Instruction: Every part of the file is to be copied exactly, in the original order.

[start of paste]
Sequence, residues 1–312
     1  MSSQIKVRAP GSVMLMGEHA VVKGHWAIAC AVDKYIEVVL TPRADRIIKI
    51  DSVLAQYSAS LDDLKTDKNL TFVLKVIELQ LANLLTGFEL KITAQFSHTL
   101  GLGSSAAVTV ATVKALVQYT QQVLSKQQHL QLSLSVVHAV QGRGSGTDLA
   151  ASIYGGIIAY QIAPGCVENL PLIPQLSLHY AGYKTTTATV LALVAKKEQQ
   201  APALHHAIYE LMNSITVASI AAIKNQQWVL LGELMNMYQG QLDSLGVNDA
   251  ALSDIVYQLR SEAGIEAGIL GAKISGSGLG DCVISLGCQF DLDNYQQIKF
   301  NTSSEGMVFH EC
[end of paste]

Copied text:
Sequence, residues 1–312
     1  MSSQIKVRAP GSVMLMGEHA VVKGHWAIAC AVDKYIEVVL TPRADRIIKI
    51  DSVLAQYSAS LDDLKTDKNL TFVLKVIELQ LANLLTGFEL KITAQFSHTL
   101  GLGSSAAVTV ATVKALVQYT QQVLSKQQHL QLSLSVVHAV QGRGSGTDLA
   151  ASIYGGIIAY QIAPGCVENL PLIPQLSLHY AGYKTTTATV LALVAKKEQQ
   201  APALHHAIYE LMNSITVASI AAIKNQQWVL LGELMNMYQG QLDSLGVNDA
   251  ALSDIVYQLR SEAGIEAGIL GAKISGSGLG DCVISLGCQF DLDNYQQIKF
   301  NTSSEGMVFH EC